You know who the players are. Chances are that you're one of them or are going to be. The people who are playing in an RP account for a huge part of the overall experience. You can follow the Three Pillars perfectly and still have your RP blown asunder by a bad group of players. Something that every Role Player worth their salt should be able to do is say no. If you know that a person is not going to pull their weight, is unpredictable, or is just plain bad at Role Playing then you are well within the confines of decency to deny that person. This is something that the group needs to decide though. An RP is a game and it is supposed to be fun; however, you will not be the only one playing and you should always be mindful of who else will be playing. Another thing is that RPs are not something that just happen overnight and they do not require less contribution over time. If anything you need to become more involved as the game progresses. This need not be a bad thing, but anyone who is planning on being in an RP should understand that it is a commitment of time that could span weeks, months, or even years.

Here is a collection of tips from experienced RPers that should help make your time here easier.

* Don't be afraid to ask for help or to coordinate plot sequences! Conferring with your fellow players is the key to making a good RP, however don't give up your whole plot or become reliant on other player's ideas. Also remember that you're allowed to scheme with the person playing the villain too!
* Hey guys, use spell check and proper punctuation and please proofread!
* Know your limitations. RPs are taken seriously so don't bite off more than you can chew. RP posts are expected to be smart and well thought out. It may sound mean but if you can't write well you might want to pass on joining an RP.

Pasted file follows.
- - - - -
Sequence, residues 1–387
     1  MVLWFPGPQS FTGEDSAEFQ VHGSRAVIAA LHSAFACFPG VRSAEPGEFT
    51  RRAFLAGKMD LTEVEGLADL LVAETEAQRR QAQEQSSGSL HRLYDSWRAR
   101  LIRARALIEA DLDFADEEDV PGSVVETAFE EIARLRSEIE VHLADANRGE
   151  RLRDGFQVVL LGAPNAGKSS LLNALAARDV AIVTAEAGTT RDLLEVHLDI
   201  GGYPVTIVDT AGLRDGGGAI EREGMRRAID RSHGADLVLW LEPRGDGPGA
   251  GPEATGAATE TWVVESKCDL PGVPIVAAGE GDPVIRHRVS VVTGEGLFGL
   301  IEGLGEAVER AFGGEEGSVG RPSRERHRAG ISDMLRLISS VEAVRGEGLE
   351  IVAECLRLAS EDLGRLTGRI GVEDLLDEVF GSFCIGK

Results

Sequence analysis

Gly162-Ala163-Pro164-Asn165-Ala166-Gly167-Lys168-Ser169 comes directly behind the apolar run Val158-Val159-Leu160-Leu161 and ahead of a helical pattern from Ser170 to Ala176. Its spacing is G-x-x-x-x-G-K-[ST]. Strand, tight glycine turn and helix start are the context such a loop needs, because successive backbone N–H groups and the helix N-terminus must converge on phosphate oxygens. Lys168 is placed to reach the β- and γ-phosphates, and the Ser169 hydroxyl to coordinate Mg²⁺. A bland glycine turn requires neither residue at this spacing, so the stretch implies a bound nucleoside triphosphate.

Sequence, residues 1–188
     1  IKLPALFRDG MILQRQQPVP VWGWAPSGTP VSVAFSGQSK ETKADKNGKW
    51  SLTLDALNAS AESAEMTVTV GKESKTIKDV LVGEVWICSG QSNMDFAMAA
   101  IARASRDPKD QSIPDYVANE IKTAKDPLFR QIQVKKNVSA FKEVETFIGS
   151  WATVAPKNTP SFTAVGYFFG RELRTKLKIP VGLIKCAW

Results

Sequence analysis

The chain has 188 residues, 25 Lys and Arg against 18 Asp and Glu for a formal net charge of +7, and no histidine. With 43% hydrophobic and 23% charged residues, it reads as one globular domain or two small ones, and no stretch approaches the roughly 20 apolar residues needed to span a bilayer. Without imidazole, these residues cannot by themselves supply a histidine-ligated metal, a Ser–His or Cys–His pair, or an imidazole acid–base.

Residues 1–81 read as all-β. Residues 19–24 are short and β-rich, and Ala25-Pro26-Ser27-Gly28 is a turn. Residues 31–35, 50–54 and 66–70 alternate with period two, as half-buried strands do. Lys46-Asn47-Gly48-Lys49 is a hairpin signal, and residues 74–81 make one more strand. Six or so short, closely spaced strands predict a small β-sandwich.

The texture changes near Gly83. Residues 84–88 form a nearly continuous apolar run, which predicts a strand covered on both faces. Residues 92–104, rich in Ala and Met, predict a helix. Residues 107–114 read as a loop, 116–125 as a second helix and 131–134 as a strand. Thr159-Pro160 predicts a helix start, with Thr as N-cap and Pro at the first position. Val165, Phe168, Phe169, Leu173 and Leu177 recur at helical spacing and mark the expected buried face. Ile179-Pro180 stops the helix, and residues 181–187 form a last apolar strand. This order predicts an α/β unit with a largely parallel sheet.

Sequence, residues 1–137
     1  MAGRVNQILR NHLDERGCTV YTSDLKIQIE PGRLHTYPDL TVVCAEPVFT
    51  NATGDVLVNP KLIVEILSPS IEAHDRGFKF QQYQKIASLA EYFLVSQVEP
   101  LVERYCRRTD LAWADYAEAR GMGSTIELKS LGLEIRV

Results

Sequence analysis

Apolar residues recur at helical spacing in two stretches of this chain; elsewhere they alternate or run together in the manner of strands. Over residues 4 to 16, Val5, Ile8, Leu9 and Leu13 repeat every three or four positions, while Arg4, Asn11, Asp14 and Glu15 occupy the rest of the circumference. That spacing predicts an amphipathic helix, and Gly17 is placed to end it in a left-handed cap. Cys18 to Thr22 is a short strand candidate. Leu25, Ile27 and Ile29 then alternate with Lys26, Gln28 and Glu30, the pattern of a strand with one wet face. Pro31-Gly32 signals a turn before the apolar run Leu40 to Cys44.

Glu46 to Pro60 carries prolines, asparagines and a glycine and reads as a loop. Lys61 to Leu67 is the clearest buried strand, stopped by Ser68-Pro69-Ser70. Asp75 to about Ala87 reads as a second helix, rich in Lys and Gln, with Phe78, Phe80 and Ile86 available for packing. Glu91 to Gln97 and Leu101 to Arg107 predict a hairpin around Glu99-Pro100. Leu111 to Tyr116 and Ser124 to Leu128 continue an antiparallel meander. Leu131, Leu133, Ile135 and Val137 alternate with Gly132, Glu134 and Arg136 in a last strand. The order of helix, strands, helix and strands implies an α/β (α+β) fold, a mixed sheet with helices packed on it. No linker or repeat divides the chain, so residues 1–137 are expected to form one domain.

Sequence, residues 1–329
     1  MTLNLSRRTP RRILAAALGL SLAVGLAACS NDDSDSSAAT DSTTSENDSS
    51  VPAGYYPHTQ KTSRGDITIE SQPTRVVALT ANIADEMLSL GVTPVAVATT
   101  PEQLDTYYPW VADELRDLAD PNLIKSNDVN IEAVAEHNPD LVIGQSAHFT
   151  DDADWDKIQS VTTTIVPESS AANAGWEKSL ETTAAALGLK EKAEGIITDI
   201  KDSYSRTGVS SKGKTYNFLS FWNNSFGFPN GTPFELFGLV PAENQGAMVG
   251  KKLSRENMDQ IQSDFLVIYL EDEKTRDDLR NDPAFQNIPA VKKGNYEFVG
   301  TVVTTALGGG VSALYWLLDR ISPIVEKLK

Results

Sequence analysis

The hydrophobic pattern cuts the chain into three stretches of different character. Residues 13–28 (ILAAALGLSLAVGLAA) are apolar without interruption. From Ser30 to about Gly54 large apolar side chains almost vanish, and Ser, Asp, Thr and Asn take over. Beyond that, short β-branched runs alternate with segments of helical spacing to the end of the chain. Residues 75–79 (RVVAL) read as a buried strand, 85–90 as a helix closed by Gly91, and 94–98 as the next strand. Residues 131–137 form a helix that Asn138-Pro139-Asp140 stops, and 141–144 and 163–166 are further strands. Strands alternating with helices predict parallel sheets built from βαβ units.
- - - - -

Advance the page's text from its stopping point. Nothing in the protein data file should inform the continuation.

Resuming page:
* An RP usually follows a set point of view. Generally they're written in third person limited omniscient. It is not unheard of to have an RP written in first-person but it is generally seen as more rigid. Whichever point of view you choose, try to stick with it! There is nothing more jarring than having to wade through a ton of perspective changes.
* Don't be afraid to push the action or do something big. If the same few people lead the RP all the time the story will become tired and predictable.
* Your job is to post about your character, if other people have trouble keeping their characters in the limelight than it's their fault. Don't feel obligated to carry other people's characters because it will limit your creativity and could have a severe backlash down the road.
* Try to get into a regular posting schedule. An RP will run much smoother if you are posting regularly. The other players need to be able to depend on your post, they have to know that you are going to post. If this confidence is not there everyone begins to slow down and things will deteriorate rapidly.
* Let's just be blunt about this whole RP business, it takes dedication. You can't just sit down for five minutes, slap an idea together, and expect it to glimmer. There has to be planning, editing, checking, rechecking, and a whole lot of conferencing with the other players (This includes the villain, NEVER forget to talk to the person controlling the villain). This process of building your story can take hours or even days. Be a good neighbor and talk to the people who are in the RP with you. Make plans with them, it will enhance the story! Double cross them, it will enhance the story! Do whatever you can to enhance the story!
* Plot is your friend in an RP. Sometimes you are going to have to forgo the simple, or even logical, solution in exchange for something that will keep the story moving forward. It's just a fact of life; yeah, the Empire could have blown Yavin to smithereens and then they'd have had a clear shot at Yavin IV but that just isn't good storytelling. In a story-based RP your primary goal is to tell a compelling story and to do that sometimes you'll have to go against that little voice in your head that is telling you to take the shot.